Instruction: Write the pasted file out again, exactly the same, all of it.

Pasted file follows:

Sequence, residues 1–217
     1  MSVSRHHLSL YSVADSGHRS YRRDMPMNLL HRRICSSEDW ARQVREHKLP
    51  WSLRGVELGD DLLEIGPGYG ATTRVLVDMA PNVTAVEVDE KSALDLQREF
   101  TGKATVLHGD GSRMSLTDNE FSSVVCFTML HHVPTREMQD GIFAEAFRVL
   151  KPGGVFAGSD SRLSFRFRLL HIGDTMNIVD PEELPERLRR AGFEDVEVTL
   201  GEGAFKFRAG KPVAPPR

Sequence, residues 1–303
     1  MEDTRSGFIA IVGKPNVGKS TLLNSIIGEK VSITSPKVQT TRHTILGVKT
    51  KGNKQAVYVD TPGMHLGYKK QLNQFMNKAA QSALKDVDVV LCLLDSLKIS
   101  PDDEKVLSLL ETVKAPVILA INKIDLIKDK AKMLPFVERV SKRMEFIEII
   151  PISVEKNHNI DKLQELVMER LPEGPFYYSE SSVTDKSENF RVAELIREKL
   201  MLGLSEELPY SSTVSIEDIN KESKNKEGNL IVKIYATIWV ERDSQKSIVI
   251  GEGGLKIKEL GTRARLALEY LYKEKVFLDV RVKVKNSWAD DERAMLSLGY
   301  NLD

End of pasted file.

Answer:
Sequence, residues 1–217
     1  MSVSRHHLSL YSVADSGHRS YRRDMPMNLL HRRICSSEDW ARQVREHKLP
    51  WSLRGVELGD DLLEIGPGYG ATTRVLVDMA PNVTAVEVDE KSALDLQREF
   101  TGKATVLHGD GSRMSLTDNE FSSVVCFTML HHVPTREMQD GIFAEAFRVL
   151  KPGGVFAGSD SRLSFRFRLL HIGDTMNIVD PEELPERLRR AGFEDVEVTL
   201  GEGAFKFRAG KPVAPPR

Sequence, residues 1–303
     1  MEDTRSGFIA IVGKPNVGKS TLLNSIIGEK VSITSPKVQT TRHTILGVKT
    51  KGNKQAVYVD TPGMHLGYKK QLNQFMNKAA QSALKDVDVV LCLLDSLKIS
   101  PDDEKVLSLL ETVKAPVILA INKIDLIKDK AKMLPFVERV SKRMEFIEII
   151  PISVEKNHNI DKLQELVMER LPEGPFYYSE SSVTDKSENF RVAELIREKL
   201  MLGLSEELPY SSTVSIEDIN KESKNKEGNL IVKIYATIWV ERDSQKSIVI
   251  GEGGLKIKEL GTRARLALEY LYKEKVFLDV RVKVKNSWAD DERAMLSLGY
   301  NLD